State Sen. Donne Trotter said Wednesday he still hopes to win the backing of his party in the upcoming election to fill former U.S. Rep. Jesse Jackson Jr.'s seat in spite of his arrest last week while taking a gun through airport security.
Trotter, speaking to a crowd of reporters at a Northwest Side courthouse after a brief appearance on the gun charge, said he hoped his party could unify behind one candidate to succeed Jackson, who announced his resignation last month amid a federal investigation and a diagnosis of bipolar depression.
"Certainly I would like to have the support of the Democratic slating committee on Saturday, which ultimately and hopefully will lead to me getting the vote of the people," Trotter said.
Trotter's attorney, Thomas Anthony Durkin, would not address the facts of the gun charge but acknowledged it could taint Trotter's political career.
"It's a cloud hanging over his head that we're not happy about," Durkin said. "But life goes on. People make mistakes."
But a rival for the party's nomination in the Feb. 26 special primary, Ald. Anthony Beale, 9th, echoed criticism of others in the contest who said Trotter's arrest was an unneeded distraction for voters in a district that has faced scandal-plagued representation in the past.
"I think right now, the way this race is panning out, we don't need anyone with a cloud hanging over them and putting that same cloud over this race and the 2nd Congressional District," Beale said. "We need to make sure this race stays focused on the issues and not get sidetracked by people's problems that they are dealing with."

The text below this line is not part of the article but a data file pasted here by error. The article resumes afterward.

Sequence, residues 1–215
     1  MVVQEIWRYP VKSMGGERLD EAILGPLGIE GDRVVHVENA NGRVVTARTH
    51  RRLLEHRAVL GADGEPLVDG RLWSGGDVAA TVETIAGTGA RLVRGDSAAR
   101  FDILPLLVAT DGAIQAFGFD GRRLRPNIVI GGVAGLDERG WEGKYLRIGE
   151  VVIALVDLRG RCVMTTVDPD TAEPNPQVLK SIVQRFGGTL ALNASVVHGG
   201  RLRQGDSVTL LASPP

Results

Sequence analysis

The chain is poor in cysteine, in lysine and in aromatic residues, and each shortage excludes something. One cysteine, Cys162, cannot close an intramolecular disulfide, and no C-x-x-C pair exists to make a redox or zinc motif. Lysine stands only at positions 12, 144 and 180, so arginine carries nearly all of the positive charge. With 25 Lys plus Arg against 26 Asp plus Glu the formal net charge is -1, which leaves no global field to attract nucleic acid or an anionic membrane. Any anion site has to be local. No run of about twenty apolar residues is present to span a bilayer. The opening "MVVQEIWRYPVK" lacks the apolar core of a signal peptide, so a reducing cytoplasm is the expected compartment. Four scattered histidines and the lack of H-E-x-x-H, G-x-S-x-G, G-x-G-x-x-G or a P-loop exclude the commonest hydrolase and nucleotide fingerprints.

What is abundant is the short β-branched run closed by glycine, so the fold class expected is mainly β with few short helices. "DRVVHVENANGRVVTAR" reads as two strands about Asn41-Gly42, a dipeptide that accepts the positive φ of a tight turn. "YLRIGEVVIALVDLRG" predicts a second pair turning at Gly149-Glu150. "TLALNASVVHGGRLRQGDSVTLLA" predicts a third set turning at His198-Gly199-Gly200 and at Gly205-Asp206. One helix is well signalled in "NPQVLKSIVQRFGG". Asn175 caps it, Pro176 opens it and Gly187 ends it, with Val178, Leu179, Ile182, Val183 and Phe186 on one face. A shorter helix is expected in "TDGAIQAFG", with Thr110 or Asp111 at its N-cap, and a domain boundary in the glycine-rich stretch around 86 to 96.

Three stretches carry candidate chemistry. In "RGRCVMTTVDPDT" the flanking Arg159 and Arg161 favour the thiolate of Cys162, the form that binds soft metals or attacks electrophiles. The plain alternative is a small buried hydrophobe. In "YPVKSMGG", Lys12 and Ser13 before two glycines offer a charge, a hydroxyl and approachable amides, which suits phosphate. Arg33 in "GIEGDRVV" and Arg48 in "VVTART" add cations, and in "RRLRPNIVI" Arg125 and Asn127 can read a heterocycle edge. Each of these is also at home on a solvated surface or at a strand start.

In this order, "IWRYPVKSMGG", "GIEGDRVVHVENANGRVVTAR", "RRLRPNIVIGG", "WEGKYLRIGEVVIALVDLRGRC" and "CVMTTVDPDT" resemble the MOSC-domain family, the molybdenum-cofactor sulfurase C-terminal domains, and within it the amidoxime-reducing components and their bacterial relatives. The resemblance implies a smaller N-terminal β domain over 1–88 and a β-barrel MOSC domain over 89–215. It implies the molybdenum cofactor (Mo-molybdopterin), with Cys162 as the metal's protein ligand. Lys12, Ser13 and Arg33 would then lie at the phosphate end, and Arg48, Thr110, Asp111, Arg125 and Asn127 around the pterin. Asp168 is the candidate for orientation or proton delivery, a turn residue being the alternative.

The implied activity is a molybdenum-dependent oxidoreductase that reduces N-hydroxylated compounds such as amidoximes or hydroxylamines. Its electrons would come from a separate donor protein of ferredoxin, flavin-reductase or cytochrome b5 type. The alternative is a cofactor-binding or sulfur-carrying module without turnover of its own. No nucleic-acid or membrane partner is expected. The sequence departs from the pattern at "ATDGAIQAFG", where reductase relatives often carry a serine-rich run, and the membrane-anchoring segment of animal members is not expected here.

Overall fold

Beale, who also has a vote in slating Saturday as the 9th Ward Democratic committeeman, said it will be difficult for any contender to put together a majority of the weighted vote of party leaders to gain the endorsement.
"Because there are so many people in the race and there are so many relationships that people have, it's hard for one person to walk away" with the endorsement, Beale said.
During the brief court hearing for Trotter on Wednesday, Assistant State's Attorney Jim Lynch said prosecutors intended to present evidence to a grand jury and seek an indictment. Judge Gloria Chevere granted a continuance until Jan. 17.
Outside court, Durkin said he was disappointed that prosecutors would seek a grand jury indictment for "an incredibly minor case."
Durkin noted that the statute Trotter was charged under requires the state to prove he "knowingly" tried to take the gun aboard the plane.
"I think the state was smart to avoid a preliminary hearing for fear of losing," the attorney said. "Forgetting is not knowing … I don't think they would have survived a preliminary hearing."
Trotter, 62, was charged with trying to board a jet Dec. 5 at O'Hare International Airport with a .25-caliber Beretta handgun in his carry-on luggage, a felony that could bring probation or up to three years in prison. He told police he got off work as a security guard and forgot that his gun was in a zipped-up side pocket of his garment bag, along with a magazine containing six live rounds.
Transportation Security Administration officials spotted the weapon in the bag as Trotter went through a security checkpoint, authorities said. He was trying to board an 8 a.m. flight to Reagan National Airport in Washington.Copyright © 2015, The Baltimore Sun